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Kirsten DeLeo

Kirsten DeLeo

Kirsten Deleo has studied and practiced Buddhism under the guidance of Sogyal Rinpoche since 1994 and completed a three-year meditation retreat. Trained as a counselor she has been active in the hospice movement since the early 90’s. She currently works as International Trainer for Rigpa’s Spiritual Care Program, an international outreach program. She is on the faculty of the "Contemplative End-of-Life Care Certificate Program" offered in partnership with Naropa University, USA.

Friday, 02 November 2012 21:30

Taming the mind with music

Natanyel Bohm-Levine sent us what he wrote for his application to Oberlin College in Ohio, USA:

The Buddha, on the essence of his teachings, said that sentient beings must learn how "to tame this mind of ours." My dad, a practicing Tibetan Buddhist, often tried to get me to incorporate Buddhist principles in my life.  I, however, did not understand the Buddha’s teaching until my summer at the Berklee College of Music, where I changed my understanding of what having a tamed mind actually means, and how it can help me become a better musician. In turn, I made quite an important discovery: playing music, for me, is a sort of meditation.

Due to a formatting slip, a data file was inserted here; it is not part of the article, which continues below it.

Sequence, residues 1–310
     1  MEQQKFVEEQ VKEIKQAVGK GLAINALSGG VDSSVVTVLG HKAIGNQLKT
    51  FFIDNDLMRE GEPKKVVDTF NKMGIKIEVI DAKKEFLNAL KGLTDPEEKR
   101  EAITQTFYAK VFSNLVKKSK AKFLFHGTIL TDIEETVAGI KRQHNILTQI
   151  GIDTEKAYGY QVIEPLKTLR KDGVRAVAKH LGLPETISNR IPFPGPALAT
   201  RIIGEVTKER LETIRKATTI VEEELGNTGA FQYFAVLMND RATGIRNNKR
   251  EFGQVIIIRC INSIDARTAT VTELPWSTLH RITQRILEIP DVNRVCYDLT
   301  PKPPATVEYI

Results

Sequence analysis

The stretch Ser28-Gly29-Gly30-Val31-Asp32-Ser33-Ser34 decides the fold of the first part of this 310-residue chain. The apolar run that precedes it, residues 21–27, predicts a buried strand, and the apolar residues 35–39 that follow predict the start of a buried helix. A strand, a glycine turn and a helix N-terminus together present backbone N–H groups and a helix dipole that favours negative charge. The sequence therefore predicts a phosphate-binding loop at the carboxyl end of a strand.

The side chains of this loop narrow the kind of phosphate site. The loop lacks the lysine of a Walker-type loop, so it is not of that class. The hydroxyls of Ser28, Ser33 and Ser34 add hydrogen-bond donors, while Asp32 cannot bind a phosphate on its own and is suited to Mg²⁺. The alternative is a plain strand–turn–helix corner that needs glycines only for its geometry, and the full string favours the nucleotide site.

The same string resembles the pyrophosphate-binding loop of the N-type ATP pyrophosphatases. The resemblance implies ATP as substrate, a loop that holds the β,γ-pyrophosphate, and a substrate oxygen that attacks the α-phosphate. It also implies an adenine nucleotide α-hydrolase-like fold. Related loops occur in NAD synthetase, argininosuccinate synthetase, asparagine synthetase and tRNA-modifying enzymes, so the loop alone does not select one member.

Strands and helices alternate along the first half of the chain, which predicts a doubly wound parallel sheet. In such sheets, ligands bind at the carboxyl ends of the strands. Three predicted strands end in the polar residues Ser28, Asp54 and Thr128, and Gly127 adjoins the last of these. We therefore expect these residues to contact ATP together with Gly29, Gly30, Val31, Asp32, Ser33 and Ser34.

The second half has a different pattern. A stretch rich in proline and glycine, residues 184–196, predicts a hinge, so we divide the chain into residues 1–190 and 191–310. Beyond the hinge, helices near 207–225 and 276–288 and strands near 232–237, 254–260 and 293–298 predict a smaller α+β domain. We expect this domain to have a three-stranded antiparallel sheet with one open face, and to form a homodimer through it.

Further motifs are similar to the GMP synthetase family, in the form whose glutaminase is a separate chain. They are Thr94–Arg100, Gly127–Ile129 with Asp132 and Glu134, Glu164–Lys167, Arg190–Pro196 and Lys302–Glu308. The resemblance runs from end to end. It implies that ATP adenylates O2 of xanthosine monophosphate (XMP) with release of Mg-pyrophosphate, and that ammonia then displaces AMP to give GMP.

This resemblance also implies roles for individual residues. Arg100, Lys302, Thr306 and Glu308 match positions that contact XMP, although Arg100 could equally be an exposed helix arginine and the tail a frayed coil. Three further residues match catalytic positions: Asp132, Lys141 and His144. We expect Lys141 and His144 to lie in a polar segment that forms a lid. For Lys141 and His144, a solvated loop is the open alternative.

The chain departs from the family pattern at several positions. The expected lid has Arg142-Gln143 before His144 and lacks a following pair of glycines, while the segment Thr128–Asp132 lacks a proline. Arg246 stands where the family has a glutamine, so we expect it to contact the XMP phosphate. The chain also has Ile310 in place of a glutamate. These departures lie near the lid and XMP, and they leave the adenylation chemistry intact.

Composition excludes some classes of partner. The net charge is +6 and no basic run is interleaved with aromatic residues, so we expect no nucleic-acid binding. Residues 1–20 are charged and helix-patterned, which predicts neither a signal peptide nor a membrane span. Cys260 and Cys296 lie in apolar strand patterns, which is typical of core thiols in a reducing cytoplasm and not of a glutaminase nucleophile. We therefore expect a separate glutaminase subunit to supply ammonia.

Wednesday, 27 June 2012 11:38

Are you dead yet?

Excerpt from “Being a Compassionate Presence – The contemplative approach to end-of-life care” in The Arts of Contemplative Care.

“Are you dead yet?” her high-pitch voice hurled across the room. “Are you dead yet . . . you in the corner?” She glared at me, wide-awake ready to engage. I had been sitting quietly in her room assuming she was asleep. The physician had pointed to the chair in the corner across from her bed before he shut the door behind him with a resounding bang. I had a sinking feeling in my body. I was a fresh hospice volunteer and novice meditator. I followed the direction of his finger and sat down on the chair. I did what was expected, straightened my back and sat in silence.

 

Wednesday, 25 January 2012 10:08

Silence – What Freedom

Meditation can teach us a lot about the power of silence - how to listen and simply be present.  In a meditation workshop I recently lead, Diana, a young social work student raised her hand after some hesitation at the end a short session of sitting. “I have never sat in a room with strangers in complete silence intentionally.” She took a deep breath. “First, I felt uncomfortable with the situation. Then I realized that I had absolutely nothing to say or do! I had nothing to prove, didn’t have to be this way or that way for anyone. Silence. Wow, …what freedom!”  Everyone in the room broke into laughter, relieved, as she stated the obvious. In our culture we are uncomfortable with silence.